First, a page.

Writer Andy Staples first notes that Georgia would serve the also-popular Dreamland barbecue at home games in Sanford Stadium this year, which he says sparked some controversy among fans.

“Those who live in Tuscaloosa know the best ribs in America can be found in a shack next to a house on Martin Luther King Boulevard in Northport,” Staples writes. “That’s where George and Betty Archibald began serving those juicy, perfect ribs in 1962.”

Staples continues, “A few years ago, I asked George Jr. — who took over for his dad and has since given way to a third generation in the form of Woodrow Washington III — what temperature he smoked his ribs at and for how long. ‘I don’t know,'” George Jr. said. ‘I just know when they’re right.’ He does. And no one makes them more right than Archibald’s.”

Staples laid out the criteria pretty clearly during his intro, noting the dishes “must be available in a college town or the surrounding metro area.” If Northport doesn’t suffice for sticklers, Archibald’s has another location in the Tuscaloosa city limits, Archibald’s & Woodrow’s on Greensboro Avenue (near the Cobb Hollywood 16 movie theater).

This isn’t even the first-time SI singled out T-town for its food and drink this summer, as they picked Druid City Brewing Company’s Downtown North Porter as one of their favorite beers in the country, pairing it with the Alabama football program.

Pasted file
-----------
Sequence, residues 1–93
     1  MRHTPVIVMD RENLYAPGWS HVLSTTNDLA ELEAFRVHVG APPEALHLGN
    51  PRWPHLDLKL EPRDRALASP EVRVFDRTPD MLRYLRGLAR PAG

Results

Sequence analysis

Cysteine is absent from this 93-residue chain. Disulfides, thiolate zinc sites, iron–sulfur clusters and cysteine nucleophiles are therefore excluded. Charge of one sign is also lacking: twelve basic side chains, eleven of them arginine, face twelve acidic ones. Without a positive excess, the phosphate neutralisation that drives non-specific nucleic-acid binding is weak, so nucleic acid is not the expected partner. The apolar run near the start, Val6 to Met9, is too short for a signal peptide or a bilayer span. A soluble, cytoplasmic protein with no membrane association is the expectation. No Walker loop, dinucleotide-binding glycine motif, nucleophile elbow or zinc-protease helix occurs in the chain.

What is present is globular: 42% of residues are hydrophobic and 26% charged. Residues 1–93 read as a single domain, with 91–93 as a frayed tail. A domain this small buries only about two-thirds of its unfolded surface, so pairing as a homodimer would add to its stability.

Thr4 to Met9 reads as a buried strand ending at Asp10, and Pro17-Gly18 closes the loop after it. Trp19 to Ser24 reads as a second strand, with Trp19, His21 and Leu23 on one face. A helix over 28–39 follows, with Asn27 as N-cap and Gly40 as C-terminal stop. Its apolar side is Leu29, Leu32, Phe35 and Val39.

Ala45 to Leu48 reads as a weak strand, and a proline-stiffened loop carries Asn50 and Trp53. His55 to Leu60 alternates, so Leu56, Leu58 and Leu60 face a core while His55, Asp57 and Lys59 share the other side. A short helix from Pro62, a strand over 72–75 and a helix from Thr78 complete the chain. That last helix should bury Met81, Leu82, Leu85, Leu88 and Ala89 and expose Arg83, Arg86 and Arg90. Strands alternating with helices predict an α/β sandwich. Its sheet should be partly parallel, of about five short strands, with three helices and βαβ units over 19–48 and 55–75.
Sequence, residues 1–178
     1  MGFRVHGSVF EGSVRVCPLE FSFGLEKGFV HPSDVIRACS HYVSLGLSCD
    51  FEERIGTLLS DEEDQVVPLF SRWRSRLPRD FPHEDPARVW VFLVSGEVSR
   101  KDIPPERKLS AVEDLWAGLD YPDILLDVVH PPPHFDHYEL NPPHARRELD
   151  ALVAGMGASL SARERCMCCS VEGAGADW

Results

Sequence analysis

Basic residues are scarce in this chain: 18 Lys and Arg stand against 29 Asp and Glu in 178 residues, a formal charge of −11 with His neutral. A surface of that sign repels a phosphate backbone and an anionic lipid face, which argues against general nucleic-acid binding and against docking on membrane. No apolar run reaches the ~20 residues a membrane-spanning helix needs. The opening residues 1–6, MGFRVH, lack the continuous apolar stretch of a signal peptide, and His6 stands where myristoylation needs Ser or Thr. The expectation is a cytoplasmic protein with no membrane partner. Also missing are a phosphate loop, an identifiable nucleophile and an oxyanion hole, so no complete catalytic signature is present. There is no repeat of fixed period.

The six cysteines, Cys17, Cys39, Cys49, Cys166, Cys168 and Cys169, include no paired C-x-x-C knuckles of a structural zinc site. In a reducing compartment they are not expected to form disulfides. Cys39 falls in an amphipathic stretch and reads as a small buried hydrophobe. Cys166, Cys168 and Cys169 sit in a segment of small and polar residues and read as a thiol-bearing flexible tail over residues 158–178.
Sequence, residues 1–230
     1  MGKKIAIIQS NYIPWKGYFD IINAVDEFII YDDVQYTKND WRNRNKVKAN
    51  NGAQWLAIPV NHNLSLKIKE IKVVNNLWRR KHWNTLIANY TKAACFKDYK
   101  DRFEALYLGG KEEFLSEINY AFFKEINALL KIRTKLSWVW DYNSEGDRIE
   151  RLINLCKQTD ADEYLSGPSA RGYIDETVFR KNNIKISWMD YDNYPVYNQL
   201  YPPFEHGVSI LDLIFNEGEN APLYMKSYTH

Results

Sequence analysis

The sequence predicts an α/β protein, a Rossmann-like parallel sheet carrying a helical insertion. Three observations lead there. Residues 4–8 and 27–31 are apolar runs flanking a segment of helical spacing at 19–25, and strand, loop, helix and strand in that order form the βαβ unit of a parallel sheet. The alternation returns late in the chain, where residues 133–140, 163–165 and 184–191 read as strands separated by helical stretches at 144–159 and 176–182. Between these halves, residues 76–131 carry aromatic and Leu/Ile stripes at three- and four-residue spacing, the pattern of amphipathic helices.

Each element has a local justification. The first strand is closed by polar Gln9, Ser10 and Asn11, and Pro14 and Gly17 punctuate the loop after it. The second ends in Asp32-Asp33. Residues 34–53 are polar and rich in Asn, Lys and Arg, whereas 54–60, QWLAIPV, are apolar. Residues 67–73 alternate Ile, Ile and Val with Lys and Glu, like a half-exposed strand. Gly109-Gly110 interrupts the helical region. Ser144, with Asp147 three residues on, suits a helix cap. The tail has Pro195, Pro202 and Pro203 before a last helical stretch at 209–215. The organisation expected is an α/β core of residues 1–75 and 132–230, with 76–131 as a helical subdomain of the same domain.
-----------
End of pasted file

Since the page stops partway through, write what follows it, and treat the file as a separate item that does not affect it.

Staples also showed some love for Auburn, picking Acre’s hot softshell crab appetizer as number 21 overall on is list, out of 25.

“When I visited for the first time in the spring of 2015, the most intriguing item on the menu was a softshell crab fried Nashville hot chicken style and staked to a piece of white bread,” Staples writes. “The spicy batter made the crab even more delicious, and the juice turned the bread into a dish unto itself.”

For the complete article please see

The Wall Street Journal features Birmingham’s Secret Stages

From the article by Jim Fusilli in The Wall Street Journal:

Birmingham’s Secret Stages is an intimate festival where small names offer big sounds.

A reflection of today’s deep, abundant rock-and-pop scene, mega-festivals offer so much of a good thing. Throughout the summer festival season, promoters book artists who have a national – and in some cases an international – following for vast, appreciative crowds.

Contrast all that with Secret Stages, a self-proclaimed “music discovery festival” held in Birmingham on Aug. 4 and 5. In its seventh year, Secret Stages presented 60 bands with nary a household name among them. Which isn’t to say the music was insufficient. To the contrary, the festival reaffirmed the quality of today’s rock and pop.